Fable 2 deals with loss in a very different way. Rather than building emotion with drama and filmic sequences, it uses consequence to embed a sense of involvement. Turn the safety off and murder your wife and she’s not coming back – not that I would condone the slaying of virtual life partners, you understand. As Peter Molyneux said in his Video Gamer preview, “All I’m going to say is every choice has a consequence. If you took the choice to cheat you have to pay the consequences.”

As you encounter circumstantial or pre-planned moments of victory and defeat, the game is slowly building a fund of meaning. As I invested myself in my character, world and companions the consequences for each of them gain weight.

This fund is spent now and again along the way, but isn’t seen in full until the closing moments where you face a dire (save the cheerleader, save the world type) choice. Everything that has gone before suddenly becomes a backdrop for this one moment of decision and potential loss. I’m faced with a simple question: Can I pull the metaphorical trigger and spend that fund of meaning for the good of all, or do I keep it for another day and let them pay the price of “saving the cheerleader.”

I asked Josh Atkins, Senior Design Director of Fable 3, why Fable took this approach to loss and his response was interesting – not least with Fable 3’s release coming later this year. “Many games associate the loss of life with a high score. Games with a high body count are fun but I also think we can provide players with different kinds of experiences that elicit unexpected emotions from a videogame. To feel loss and sadness over the death of a computer generated character or to feel remorse over a violent action would all be experiences that help push the games industry in a new direction and prove the emotional value interactive entertainment.”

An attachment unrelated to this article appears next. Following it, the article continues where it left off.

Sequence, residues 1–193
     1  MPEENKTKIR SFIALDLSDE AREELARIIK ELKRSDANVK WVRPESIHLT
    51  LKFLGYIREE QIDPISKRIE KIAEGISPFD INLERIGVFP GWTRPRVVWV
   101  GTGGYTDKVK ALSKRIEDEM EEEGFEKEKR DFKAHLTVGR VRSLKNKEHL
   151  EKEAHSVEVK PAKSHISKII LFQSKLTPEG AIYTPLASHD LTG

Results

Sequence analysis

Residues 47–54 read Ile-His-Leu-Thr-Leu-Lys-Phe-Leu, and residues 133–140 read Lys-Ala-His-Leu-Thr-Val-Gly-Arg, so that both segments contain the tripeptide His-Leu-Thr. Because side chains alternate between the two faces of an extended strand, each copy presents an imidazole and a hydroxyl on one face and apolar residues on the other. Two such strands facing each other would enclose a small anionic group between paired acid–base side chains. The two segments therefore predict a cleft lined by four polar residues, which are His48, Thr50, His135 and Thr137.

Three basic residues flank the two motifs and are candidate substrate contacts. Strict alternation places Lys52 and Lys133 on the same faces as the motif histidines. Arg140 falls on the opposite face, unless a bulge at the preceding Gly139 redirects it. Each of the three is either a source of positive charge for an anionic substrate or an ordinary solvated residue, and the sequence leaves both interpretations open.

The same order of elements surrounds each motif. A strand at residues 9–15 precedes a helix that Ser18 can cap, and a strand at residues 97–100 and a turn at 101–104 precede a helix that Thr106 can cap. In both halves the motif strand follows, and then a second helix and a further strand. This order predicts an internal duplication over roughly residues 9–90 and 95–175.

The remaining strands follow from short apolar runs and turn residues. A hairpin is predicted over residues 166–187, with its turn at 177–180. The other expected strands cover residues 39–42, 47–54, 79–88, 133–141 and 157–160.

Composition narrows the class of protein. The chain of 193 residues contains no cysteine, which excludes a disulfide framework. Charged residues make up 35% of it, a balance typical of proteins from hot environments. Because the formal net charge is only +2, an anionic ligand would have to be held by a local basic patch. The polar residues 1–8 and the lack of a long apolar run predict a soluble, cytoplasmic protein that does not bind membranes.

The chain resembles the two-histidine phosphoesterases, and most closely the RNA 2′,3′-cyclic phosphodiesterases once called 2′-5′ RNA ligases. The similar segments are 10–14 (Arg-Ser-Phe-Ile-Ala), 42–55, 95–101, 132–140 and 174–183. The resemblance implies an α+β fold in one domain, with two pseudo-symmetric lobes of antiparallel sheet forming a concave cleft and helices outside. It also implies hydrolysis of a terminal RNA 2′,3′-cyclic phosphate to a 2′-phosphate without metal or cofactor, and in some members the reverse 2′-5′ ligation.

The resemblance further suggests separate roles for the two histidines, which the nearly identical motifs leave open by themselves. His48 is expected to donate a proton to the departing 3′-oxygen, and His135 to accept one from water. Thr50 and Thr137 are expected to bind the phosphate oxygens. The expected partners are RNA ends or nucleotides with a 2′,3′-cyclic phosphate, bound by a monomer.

Of any series, Fable certainly shows promise of creating some genuinely new ways to engage with weighty issues. And by focusing on the player’s interaction rather than recreating a filmic story, Fable plays to what games do best.

Each of these games take you by the hand to places you wouldn’t necessarily choose to go. They each work for different reasons and connect to a variety of human emotions. But all of them have one thing in common: The sense that to be truly alive is to have understood what we have to lose.

Whether it’s the layering of remorse in Shadow of the Colossus, the slow creeping old age of Metal Gear Solid IV, the untimely shock of Final Fantasy VII or the terror of our own difficult decisions in Fable 2, each engages the heart and mind.

Not only that, but they are all games I still love to play. Also, they are all games that have sequels slated for 2010. So with Last Guardian, Metal Gear: Peace Walker, Final Fantasy XIII and Fable 3 to deal with, you better have tissues at the ready.

Game People is a rag tag bunch of artisans creating awesomely bizarre reviews from across the pond.